A Future in Medicine
Emaan Mughal (B.S. ’22) was instilled with a strong work ethic from an early age. “My parents always stressed the importance of hard work and remaining humble,” she says. There was also an emphasis on giving back to the community and expanding one’s horizons. “Throughout elementary school, I was very involved in Girl Scouts, and I was fortunate enough to travel to many different places, including over 10 different countries. Traveling has broadened my insight by allowing me to learn about different cultures. As a future physician, it is important to understand where another individual is coming from and appreciate their background.”
Coming from parents with clear core values and a family that has founded nonprofit clinics, orphanages, and a hospital, Mughal is determined to continue this legacy. “Two of my family members founded Doctor’s Hospital in Lahore, Pakistan, in the 1990s. They wanted to give back to the community and improve the accessibility to healthcare services in Pakistan after going through their training and education. They are continuing to give back to the community both in the United States, Pakistan, and abroad,” says Mughal.
As a biology student, she participated in two undergraduate research labs at New York Tech. In the lab of Associate Professor Bryan Gibb, Ph.D., she worked on isolating and finding bacteriophages (viruses that naturally infect bacteria) against Staphylococcus aureus, the leading bacterial cause of skin and soft tissue infections. “Bacteriophages are commonly used in phage therapy as an alternative to antibiotics,” she explains. Mughal also conducted research with Assistant Professor Jacqueline Keighron, Ph.D., to create a test for E. coli, similar to a rapid COVID-19 test. “The biosensor has the potential to be sent to underserved communities to detect the presence of E. coli and the quality of water.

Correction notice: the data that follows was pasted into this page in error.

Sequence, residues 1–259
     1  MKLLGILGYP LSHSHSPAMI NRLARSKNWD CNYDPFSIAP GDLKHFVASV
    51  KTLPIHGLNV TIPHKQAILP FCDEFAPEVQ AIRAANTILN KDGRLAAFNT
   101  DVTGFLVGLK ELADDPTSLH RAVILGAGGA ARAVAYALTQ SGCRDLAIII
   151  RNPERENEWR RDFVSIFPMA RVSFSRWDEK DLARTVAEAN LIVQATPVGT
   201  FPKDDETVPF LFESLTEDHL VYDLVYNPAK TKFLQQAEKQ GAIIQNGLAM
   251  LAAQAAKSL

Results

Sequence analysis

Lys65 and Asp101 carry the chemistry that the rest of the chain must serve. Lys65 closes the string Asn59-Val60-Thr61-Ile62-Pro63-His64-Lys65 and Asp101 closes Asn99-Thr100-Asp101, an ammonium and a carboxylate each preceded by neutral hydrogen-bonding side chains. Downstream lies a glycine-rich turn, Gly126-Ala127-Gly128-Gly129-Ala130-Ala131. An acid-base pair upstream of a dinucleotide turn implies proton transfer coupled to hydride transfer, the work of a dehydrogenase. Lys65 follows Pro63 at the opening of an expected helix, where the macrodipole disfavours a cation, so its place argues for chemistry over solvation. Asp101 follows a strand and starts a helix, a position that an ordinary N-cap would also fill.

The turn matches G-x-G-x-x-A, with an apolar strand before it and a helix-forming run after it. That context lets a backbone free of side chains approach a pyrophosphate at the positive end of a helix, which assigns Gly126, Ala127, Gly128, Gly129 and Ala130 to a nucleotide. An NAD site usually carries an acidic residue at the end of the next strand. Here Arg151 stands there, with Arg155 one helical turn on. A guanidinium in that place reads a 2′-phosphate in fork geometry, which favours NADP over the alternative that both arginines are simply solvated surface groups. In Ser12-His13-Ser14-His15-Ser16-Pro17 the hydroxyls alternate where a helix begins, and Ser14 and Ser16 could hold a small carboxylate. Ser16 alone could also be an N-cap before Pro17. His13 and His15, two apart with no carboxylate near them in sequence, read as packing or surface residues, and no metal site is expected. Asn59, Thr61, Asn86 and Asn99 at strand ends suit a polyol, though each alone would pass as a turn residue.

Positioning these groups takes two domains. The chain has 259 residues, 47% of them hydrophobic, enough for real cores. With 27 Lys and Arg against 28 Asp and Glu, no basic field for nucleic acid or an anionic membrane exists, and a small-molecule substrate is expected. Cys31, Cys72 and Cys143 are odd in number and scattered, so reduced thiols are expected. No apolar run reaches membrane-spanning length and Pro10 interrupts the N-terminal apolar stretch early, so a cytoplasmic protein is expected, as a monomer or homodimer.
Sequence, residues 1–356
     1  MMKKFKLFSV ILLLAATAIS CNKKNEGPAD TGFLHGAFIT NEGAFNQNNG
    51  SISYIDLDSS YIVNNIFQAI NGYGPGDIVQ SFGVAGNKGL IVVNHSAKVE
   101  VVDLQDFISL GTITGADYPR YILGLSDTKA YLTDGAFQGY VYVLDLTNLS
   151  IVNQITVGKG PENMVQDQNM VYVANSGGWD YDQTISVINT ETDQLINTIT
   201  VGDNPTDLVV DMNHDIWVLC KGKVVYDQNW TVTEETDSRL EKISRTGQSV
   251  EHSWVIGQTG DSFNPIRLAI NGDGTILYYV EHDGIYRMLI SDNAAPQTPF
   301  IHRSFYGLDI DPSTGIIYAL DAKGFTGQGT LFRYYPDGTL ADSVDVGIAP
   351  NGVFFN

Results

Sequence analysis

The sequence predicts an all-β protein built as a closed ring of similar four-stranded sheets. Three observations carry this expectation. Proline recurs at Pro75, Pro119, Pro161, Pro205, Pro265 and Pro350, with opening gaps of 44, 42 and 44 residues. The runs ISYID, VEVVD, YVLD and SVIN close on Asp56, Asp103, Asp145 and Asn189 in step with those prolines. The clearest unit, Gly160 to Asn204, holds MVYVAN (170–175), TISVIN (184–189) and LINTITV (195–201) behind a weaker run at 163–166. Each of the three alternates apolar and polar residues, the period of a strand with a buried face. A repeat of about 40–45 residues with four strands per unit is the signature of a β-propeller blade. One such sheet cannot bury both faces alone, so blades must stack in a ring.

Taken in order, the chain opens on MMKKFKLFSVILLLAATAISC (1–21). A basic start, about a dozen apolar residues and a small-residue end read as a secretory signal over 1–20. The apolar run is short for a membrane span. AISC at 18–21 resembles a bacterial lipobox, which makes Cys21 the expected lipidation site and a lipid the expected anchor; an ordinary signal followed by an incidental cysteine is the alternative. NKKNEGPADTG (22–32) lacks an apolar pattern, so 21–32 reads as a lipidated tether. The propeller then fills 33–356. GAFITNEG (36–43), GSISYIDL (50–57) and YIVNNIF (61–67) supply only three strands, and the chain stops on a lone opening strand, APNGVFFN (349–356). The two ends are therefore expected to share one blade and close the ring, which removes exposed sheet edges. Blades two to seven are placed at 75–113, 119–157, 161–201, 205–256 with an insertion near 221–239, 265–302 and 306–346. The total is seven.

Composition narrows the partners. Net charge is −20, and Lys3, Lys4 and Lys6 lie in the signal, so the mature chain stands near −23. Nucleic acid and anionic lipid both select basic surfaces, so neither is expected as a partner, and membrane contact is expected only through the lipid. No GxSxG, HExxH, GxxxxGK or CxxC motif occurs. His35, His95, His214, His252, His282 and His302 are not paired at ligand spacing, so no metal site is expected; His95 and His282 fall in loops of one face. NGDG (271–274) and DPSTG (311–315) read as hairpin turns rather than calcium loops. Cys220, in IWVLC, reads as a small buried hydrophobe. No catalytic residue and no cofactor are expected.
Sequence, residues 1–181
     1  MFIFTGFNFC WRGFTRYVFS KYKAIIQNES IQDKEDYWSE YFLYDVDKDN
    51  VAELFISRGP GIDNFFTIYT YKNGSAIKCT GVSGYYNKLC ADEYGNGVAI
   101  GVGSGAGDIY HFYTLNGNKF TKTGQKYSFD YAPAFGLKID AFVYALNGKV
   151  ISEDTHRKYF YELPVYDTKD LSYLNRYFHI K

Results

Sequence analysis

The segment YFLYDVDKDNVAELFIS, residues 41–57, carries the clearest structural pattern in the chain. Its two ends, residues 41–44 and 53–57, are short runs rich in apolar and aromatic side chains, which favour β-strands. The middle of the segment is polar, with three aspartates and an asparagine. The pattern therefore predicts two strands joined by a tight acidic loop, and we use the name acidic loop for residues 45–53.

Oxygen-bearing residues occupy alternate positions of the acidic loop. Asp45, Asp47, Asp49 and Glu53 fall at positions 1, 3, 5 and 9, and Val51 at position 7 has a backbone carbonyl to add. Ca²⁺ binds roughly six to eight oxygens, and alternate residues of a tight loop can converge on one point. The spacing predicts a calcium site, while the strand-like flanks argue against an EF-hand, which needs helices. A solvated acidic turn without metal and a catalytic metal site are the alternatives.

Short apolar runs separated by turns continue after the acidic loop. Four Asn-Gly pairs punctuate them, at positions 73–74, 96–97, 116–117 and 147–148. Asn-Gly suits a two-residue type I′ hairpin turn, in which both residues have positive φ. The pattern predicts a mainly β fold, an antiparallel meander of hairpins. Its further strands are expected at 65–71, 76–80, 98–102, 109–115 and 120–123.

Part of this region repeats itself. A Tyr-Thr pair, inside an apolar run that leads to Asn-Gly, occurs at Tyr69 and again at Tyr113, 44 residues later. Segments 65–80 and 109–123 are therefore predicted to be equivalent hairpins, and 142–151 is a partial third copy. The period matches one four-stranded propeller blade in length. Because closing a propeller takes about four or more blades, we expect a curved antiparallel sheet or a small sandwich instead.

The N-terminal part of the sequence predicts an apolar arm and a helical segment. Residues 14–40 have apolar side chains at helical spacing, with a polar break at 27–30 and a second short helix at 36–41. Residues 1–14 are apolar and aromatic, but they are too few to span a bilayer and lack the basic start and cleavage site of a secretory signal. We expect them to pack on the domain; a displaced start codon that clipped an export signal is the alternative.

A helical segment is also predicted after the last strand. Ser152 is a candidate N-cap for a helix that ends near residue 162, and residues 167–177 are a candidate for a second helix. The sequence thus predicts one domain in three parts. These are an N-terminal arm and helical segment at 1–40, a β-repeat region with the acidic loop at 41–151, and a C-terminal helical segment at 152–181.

“The field of medicine is exciting because there are many treatments and cures that are yet to be discovered. There is always something new to learn even after you have a degree. Doctors are lifelong learners who continue to learn from their patients, research, and overall experiences.”
Mughal has always been interested in serving the larger community and learned more about health equity under Lillian Niwagaba, Ph.D., director of the College of Osteopathic Medicine’s Center for Global Health. “Health equity is such an important topic, not just globally but also in the United States,” she says. “As a future physician, I hope to work in underserved areas because having the opportunity to seek services, such as doctor's appointments, is something that many of us take granted.”
While the clinical side of medicine intrigues her, Mughal is also interested in working one-on-one with patients in the future. “Each patient is unique and comes from a different background. I am interested to hear each of my patient’s stories to sculpt a treatment plan that is unique to them.” Because of her experiences at New York Tech and the influence of her mentors, she is especially interested in pursuing osteopathic medicine. “Through my experiences in shadowing and learning about specialties such as osteopathic medicine and surgery, I believe the holistic approach to treatments is an important aspect of medicine, and I plan on integrating this approach as a future physician.”